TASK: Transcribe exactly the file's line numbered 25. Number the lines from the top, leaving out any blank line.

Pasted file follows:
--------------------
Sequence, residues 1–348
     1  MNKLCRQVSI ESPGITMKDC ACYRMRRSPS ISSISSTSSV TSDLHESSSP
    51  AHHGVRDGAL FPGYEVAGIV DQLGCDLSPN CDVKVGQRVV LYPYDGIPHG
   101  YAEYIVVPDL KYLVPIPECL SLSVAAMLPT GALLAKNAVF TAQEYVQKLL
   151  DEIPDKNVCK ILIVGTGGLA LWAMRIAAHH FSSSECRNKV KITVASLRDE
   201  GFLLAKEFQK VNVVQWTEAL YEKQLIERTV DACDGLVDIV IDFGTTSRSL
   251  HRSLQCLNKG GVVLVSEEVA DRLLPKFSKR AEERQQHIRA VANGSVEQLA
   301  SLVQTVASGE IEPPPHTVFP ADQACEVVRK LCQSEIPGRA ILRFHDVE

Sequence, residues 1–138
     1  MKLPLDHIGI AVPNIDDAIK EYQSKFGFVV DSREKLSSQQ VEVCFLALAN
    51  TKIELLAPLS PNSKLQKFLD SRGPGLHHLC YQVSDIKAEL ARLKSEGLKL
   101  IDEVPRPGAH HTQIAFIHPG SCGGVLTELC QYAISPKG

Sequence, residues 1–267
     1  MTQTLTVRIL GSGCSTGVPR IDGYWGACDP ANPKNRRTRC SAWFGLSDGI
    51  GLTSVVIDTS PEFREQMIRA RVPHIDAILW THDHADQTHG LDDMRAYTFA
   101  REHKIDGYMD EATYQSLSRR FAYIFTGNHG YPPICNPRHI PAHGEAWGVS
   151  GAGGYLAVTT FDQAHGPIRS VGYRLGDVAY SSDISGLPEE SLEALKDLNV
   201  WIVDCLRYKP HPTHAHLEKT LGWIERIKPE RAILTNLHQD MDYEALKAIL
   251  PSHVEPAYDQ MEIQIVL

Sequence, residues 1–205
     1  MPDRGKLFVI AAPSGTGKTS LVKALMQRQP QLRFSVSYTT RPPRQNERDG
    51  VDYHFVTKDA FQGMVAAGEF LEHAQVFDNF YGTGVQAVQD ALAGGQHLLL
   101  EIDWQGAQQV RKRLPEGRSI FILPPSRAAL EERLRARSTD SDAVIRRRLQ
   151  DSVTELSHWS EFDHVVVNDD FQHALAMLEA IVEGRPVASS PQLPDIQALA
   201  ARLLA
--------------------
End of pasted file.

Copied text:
   201  ARLLA